The Bourbon Bucket List: 15 Bourbons You Need to Try at Least Once

The Bourbon Bucket List: 15 Bourbons You Need to Try at Least Once

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No other drink is as American as bourbon. Eastern Europeans can carry the vodka flag, the Scottish can bring the best scotch, but we’ll take a bottle of bourbon and a pigskin-loving bald eagle any day. And when you’re stocking your home bar with some Kentucky classics (though not always from Kentucky), there are bottles that deserve a spot on a shelf. Not all of these are hard to find (though many are), but they’re all extremely tasty, interesting, and worthy of a sip once in your life. Here’s our list of the best bourbon around.



1. Pappy Van Winkle’s Family Reserve 20 Year

Let’s just get this one out of the way. Considered by many to be the world’s finest bourbon, the 20-year-old hooch is the stuff of legends. Pappy hunting is now a pastime among bourbon fans, and while any Pappy is good Pappy, this is the nicest of the bunch. Its sweetness and finish that seems to last 20 years itself are almost worth the $100 price tag for a pour we’ve seen at some establishments. So how do you get a bottle? Well, you could steal one, like the 222 bottles that went missing a few years ago, but we’re not advocating you go to jail over some bourbon. Your best bet is to shell out the cash for a bit at a good bar or join a list somewhere and pray you get a bottle eventually. There doesn’t seem to be any interest in upping production to meet demand, so it’s not like it will just flood the shelves one day. Is it worth the price tag or is it just hype? That’s up to you, but we will say it’s the best we’ve ever tasted.($900) Link




2. Hudson Baby Bourbon Whiskey

The first bourbon to be distilled in New York makes this list for its 100% New York corn mash bill. Yes, it’s 100% corn. Bourbon, by definition, has to be at least 51% corn, but rarely do you see only corn being used. What does that mean to you? Well, for starters, it is an acceptable bourbon for those allergic to grain normally used in the mash. Also, 100% corn bourbons tend to have a sweeter profile, so if you have a sweet tooth, this could be the bottle for you. It’s also unique because it’s aged in much smaller barrels than normal. Smaller barrels means more surface to liquid contact. What you’re left with is a truly unique bourbon that’s very smooth. It might not be our favorite bourbon, but it’s something you should try and it’s far from bad. ($40) Link




3. Blanton’s

With numerous awards under its belt, Blanton’s—or, “Blanton’s Single Barrel Bourbon,” as it was originally known—is deserving of a spot on any Bourbon lover’s bar. Since it’s a single barrel bourbon, there can be slight variations, but we’ve found the nose to be packed with delicious vanilla and caramel notes, and, while the finish leaves a little to be desired, the overall aroma and taste are more than fantastic. Even if you don’t want to drink it often, the bottle looks mighty fine on any home bar, as the unique bottle shape and iconic horse and jockey topper are hard to miss. Not to mention, Frank Underwood drank it in House of Cards, and it’d be wise to agree with Frank. ($65) Link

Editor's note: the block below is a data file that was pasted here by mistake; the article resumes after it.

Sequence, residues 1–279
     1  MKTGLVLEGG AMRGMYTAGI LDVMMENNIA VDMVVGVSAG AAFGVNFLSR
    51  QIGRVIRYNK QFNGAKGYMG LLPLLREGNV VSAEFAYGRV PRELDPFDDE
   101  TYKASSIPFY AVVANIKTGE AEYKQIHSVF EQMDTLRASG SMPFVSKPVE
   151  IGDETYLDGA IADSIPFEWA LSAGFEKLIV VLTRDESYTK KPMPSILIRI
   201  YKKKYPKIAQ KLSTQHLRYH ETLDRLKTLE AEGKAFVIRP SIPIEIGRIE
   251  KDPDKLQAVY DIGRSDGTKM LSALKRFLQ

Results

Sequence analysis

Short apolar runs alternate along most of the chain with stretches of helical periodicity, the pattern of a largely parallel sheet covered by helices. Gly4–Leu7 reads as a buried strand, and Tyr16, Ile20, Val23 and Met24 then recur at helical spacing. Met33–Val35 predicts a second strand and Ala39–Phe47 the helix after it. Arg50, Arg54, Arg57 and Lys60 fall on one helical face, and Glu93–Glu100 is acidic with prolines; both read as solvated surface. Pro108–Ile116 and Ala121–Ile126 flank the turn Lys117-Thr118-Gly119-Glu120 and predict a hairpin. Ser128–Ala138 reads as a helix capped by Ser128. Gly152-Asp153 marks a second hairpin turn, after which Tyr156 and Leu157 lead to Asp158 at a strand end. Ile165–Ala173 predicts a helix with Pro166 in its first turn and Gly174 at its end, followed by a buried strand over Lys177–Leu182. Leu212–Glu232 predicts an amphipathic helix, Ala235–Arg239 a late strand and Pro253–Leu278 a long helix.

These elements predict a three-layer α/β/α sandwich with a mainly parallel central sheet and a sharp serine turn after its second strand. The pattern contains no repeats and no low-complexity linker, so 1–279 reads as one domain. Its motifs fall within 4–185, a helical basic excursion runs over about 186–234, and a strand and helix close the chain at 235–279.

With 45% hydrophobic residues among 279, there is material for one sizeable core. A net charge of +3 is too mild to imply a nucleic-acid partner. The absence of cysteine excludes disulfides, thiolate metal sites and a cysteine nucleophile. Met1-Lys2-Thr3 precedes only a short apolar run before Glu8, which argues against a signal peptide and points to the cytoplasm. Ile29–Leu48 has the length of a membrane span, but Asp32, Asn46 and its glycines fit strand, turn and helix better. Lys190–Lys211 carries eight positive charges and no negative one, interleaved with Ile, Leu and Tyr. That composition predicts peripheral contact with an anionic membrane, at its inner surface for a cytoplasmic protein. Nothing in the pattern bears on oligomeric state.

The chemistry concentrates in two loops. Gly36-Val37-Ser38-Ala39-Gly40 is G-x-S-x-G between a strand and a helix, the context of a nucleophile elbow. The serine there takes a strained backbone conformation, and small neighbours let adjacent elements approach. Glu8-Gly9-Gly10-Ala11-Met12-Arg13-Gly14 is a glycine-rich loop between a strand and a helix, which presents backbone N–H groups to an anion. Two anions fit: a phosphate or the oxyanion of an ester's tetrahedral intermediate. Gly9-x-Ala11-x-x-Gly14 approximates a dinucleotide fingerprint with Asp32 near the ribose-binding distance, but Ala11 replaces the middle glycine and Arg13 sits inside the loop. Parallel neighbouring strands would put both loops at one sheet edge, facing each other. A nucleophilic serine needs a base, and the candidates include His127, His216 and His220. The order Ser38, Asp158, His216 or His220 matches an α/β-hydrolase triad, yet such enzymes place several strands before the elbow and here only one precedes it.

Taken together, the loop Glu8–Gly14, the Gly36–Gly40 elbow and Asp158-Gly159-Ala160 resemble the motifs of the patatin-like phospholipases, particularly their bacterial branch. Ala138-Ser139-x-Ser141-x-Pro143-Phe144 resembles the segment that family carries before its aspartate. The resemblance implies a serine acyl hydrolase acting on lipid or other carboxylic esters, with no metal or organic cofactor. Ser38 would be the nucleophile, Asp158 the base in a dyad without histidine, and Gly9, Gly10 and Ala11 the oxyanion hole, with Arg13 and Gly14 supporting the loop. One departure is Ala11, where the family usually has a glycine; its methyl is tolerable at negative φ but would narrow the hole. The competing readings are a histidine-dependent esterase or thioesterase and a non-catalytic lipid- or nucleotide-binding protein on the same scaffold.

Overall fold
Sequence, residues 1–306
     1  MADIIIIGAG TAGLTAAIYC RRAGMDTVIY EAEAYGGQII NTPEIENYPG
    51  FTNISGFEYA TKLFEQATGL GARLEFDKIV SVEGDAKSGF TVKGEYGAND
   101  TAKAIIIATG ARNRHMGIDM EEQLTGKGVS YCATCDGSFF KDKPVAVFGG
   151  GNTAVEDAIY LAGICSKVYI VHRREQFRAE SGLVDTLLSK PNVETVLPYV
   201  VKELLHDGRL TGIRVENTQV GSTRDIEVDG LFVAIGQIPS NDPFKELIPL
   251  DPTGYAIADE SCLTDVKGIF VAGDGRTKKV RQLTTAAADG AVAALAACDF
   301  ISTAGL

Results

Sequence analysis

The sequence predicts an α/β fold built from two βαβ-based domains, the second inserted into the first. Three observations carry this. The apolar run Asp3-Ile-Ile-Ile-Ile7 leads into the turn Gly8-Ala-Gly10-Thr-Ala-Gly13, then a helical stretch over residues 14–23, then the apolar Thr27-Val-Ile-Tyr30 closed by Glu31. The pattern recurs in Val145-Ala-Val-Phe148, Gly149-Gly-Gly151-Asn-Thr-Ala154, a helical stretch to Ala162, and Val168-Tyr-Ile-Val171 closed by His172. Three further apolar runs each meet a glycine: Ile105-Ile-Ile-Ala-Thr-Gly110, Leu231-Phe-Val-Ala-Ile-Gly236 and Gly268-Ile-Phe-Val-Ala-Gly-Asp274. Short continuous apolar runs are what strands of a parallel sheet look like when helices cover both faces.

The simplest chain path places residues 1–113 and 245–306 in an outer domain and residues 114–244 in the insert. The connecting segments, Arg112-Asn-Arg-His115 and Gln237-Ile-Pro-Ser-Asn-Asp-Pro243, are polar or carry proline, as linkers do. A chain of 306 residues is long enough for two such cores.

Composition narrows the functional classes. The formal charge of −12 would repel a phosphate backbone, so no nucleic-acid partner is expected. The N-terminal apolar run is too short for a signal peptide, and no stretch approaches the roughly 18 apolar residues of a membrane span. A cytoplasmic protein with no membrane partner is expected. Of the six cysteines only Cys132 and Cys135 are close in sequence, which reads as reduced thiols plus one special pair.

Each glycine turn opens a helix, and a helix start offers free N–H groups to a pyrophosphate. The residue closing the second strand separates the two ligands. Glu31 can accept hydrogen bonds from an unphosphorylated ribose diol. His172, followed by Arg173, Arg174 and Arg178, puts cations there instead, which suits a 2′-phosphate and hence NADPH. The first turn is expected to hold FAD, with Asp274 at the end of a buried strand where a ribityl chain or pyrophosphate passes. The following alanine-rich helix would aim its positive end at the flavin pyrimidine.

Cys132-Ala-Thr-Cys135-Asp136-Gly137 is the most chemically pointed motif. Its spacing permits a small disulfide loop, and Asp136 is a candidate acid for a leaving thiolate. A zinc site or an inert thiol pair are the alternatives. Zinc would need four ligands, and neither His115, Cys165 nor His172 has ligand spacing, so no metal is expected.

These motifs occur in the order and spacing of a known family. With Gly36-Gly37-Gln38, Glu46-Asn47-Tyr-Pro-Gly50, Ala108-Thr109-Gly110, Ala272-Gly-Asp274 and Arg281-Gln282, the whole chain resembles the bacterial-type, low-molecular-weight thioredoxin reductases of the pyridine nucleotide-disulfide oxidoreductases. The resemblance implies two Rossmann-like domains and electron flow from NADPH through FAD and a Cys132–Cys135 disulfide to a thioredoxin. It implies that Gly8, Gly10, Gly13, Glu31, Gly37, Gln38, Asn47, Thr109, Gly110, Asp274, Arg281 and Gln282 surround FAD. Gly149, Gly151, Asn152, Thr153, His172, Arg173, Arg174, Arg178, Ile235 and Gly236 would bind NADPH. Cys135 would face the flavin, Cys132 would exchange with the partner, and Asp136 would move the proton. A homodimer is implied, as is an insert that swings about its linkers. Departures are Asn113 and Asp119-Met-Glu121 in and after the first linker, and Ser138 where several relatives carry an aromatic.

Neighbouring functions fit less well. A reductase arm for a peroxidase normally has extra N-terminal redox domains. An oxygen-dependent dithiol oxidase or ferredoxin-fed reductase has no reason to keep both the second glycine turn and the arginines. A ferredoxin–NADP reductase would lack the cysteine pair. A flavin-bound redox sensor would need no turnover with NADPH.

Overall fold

4. Booker’s

Want to taste pure bourbon? Pick up a bottle of Booker’s. Booker’s was the first bourbon to be bottled straight from the barrel. It’s not cut or filtered. The cask strength bourbon is obviously pretty powerful stuff, and it delivers a raw and smoky drinking experience. Singed tastebuds aside, Booker’s is actually a fairly complex bottle of booze, with nice little notes of coffee you can pick up. Booker Noe, the man who created the whiskey, first gave it as a holiday gift to his friends, and we’d imagine you’d make someone very happy if you did the same. Just make sure you share a drink with them. ($55) Link




5. Noah’s Mill

When we want to impress someone with a fairly affordable bottle of bourbon they probably don’t know much about, we go with Noah’s Mill. It’s an incredibly smooth bourbon for something 114 proof. You get a nice bit of that rye right up front, and there’s lots of vanilla present. More specifically, you’ll pick up things like walnuts and prunes when you take a whiff and a sip. From an aesthetic standpoint, this small batch bourbon has an old-timey label that would make the distillers of yesteryear proud. You should get some, and you should make it your sneaky bottle of booze gift. ($50) Link




6. Black Maple Hill 16-Year-Old Small Batch

If there were no Pappy, this might be the bourbon that people lost their minds over. Black Maple Hill is shrouded in mystery. There’s little info out there on the independent label (actually a non-distiller producer), and the ingredients, sources, and blending is not shared with the public. This version, the 16-year-old small batch, was a limited production that was only available in California. It packs a nice spicy punch, so we’ll go ahead and assume there is a decent amount of rye that goes into it. But that’s it. That’s all we’ve got. All we can tell you is it’s really, really good. It will be pretty damn hard to find, however, so if you have the opportunity to try it, do it, and if not, try to at least sample the standard Black Maple Hill expression. ($150) Link




7. W.L. Weller 12 Year